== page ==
Cancer survivors celebrate life

June 09, 2003|by MARLO BARNHART

A bright and bubbly 7-year-old, Emma Worthington is proud that she can spell out her rather long last name.

Her mom, Charee Worthington, is no slouch either, rattling off "rhabdomyosarcoma" without any hesitation. The Smithsburg woman said the hard part isn't spelling, but living with, the form of cancer that attacked her daughter's muscles three years ago.

"They told us it actually began before Emma was born," said Charee Worthington as she attended Sunday afternoon's 16th annual event for cancer survivors hosted by the John R. Marsh Cancer Center, a department of Washington County Hospital.

The symptoms were repeated ear infections, all in Emma's right ear, her mother said. Then at 4 p.m. Feb. 9, 2000, Emma was diagnosed with rhabdomyosarcoma at Washington County Hospital. By 6 p.m. that day, Jason and Charee Worthington were at Johns Hopkins Hospital in Baltimore with their daughter.


"That's a day I'll never forget," Charee Worthington said. Over the course of the treatment, she said they almost lost Emma three times.

Just 4 then, Emma was at Johns Hopkins for 29 days. She eventually underwent 43 weeks of chemotherapy and six weeks of radiation, and still is under care, according to her mother.

Emma, who has a 6-year-old brother, Wyatt, said she currently is homeschooled, working at the second- to third-grade level.

Despite a scare in February, Emma is cancer-free, her mother said.

"Still every pain, every sneeze and you think, 'oh no, it's back again,'" Charee Worthington said.

Emma proudly wore a pin Sunday proclaiming she is a 21/2-year cancer survivor.

"Most of the kids I knew at Hopkins didn't make it," Emma said.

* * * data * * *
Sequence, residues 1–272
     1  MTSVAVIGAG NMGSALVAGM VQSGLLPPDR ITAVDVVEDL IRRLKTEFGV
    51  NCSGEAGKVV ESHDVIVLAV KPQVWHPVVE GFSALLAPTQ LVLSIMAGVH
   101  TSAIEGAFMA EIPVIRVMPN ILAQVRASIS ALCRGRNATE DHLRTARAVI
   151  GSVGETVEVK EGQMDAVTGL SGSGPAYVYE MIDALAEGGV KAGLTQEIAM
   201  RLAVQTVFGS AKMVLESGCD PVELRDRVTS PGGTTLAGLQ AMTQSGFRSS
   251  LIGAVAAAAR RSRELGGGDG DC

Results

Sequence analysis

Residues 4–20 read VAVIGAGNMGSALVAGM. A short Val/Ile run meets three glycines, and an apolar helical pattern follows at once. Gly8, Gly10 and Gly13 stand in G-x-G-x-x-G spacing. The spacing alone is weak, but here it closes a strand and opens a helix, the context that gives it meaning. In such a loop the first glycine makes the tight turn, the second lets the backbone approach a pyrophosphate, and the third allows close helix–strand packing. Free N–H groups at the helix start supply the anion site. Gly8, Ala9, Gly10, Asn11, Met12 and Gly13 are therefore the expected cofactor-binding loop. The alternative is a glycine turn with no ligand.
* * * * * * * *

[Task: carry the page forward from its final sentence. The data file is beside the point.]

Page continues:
The emphasis Sunday was on those who did make it as more than 600 people - survivors and their families - gathered at the picnic pavilion at Williamsport Red Men Lodge 84.

Also in attendance were some of the staff from Washington County Hospital and the John R. Marsh Cancer Center.

"It's important. We have to keep doing it," said Patty Hanson, administrator of the John R. Marsh Cancer Center. "In the wake of budget cuts, nobody even thought of cutting back on this event."

Last year's event was an ice cream social held on one of the hottest days of the summer, Hanson said. This year, the decision was made to make it a picnic catered by the Red Men.

Each year, the event is free to cancer survivors and one guest per survivor, though registration is required. Additional guests pay a small fee.

"I'm glad I survived," said Ruth Hetzel, 76, of Hagerstown. "I'm still in pain, but I'm here with my family and friends. Survival, after all, means everything."

Sondra Kimble attended with her father, Joseph Hart, who is a 15-month survivor of skin cancer.

"I still have my dad because of the treatment available today," Kimble said. "I just thank God he went to the doctor."

One survivor's button read "51-year survivor," while others were tabulated in months.

Over and over, the greeting heard most frequently Sunday afternoon was "nice to see you," and the enthusiastic reply was, "it's nice to be here."

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